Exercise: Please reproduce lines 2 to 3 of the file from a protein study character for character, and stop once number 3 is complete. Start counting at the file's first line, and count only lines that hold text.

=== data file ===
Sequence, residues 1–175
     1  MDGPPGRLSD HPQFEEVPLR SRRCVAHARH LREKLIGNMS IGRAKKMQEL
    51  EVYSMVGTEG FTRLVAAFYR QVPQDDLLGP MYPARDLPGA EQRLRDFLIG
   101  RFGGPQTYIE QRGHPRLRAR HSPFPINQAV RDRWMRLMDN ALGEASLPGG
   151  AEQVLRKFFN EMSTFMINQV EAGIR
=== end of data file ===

     1  MDGPPGRLSD HPQFEEVPLR SRRCVAHARH LREKLIGNMS IGRAKKMQEL
    51  EVYSMVGTEG FTRLVAAFYR QVPQDDLLGP MYPARDLPGA EQRLRDFLIG